Columbia County Elections Commissioner lauded
Dec 27, 2010 6:42 am
[caption id="" align="alignright" width="200" caption="Virgina Martin, in a photo from the Columbia County Democrat Party website."][/caption]Columbia County Democratic Commissioner of Elections Virginia Martin has been named “Election Integrity Hero” by the Election Transparency Coalition, a project of the International Humanities Center with an assembled group of non-profits and individuals that takes a strong stance against electronic vote-counting. The Register Star reports this morning that Martins was named for her efforts in orchestrating a hand count of all paper ballots cast in the 2010 general election and called a “treasured colleague” and championed for “leading her county to engage in the only full hand count of November’s election.” Similar handcounts in a Long Island race were ordered to be halted by a state Appeals Court judge last week, which gave the majority in the state Senate to the GOP after two years of Democrat control.
The Register Star reports:
The Register Star reports:
Martin is no stranger to ETC, who have worked on the issue of election transparency for years, including several attorneys who have done pro bono work. They have followed, and laid groundwork for, a lawsuit filed by Nassau County with Columbia County declaring the state’s Election Reform and Modernization Act, the law that requires lever machines be replaced with electronic voting machines, unconstitutional.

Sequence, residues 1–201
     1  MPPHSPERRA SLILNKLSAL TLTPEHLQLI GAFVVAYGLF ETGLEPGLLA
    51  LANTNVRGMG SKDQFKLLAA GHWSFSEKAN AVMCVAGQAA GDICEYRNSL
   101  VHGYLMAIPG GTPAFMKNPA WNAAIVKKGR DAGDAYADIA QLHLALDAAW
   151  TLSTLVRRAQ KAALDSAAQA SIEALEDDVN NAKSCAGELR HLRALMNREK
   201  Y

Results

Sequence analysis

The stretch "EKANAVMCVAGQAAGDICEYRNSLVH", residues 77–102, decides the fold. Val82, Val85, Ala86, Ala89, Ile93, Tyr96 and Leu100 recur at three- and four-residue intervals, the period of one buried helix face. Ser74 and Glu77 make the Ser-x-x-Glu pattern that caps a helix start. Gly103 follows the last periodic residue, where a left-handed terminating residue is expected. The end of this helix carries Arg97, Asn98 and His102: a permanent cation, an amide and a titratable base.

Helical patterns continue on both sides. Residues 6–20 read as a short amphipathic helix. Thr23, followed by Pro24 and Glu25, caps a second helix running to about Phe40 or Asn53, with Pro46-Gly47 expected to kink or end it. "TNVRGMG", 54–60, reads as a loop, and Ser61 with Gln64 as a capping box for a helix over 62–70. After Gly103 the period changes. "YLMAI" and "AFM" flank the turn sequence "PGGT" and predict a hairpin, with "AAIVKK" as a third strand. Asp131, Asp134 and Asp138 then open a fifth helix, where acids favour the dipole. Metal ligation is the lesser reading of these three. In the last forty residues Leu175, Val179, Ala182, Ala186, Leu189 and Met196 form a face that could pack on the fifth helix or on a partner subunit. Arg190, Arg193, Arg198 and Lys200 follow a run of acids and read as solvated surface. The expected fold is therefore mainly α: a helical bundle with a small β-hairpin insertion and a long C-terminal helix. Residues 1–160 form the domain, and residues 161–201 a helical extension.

An outspoken critic of ERMA who has spoken publicly and testified on the subject more than once, Martin has maintained the best thing New York can do for voters is give back their lever voting machines, and that electronic machines which use counting methods few can understand obstruct the election process and leave uncertainty surrounding election results.
“It would be the height of irresponsibility for me to certify results if I couldn’t understand, examine, or feel confident in the vote-counting mechanism employed,” she said in an interview with ETC. “And I have no reason to be confident about a software-based tabulation of secret ballots.”
“It was very generous of them to call me a hero,” Martin told the Register-Star. “As far as I’m concerned, I’m just doing my job, which is to make sure we put on a fair, secure, accurate election and provide the public with the highest degree of confidence possible.
“We try to do it as cost-effectively as we possibly can,” she continued. “There were many added expenses (mandated by ERMA) that we had no control over ... the overriding priority is making sure the elections are fair and accurate.”
The hand count, which wrapped up recently, cost $15,000 to $20,000 in county funding. Election results were certified locally on Wednesday.
Martin’s Republican counterpart, Commissioner Jason Nastke, has also expressed strong support for a hand count and strong feelings about bringing lever machines back to the election process. “I’m very grateful to Jason for taking the same stand on this as I have,” Martin said. “He believes it.”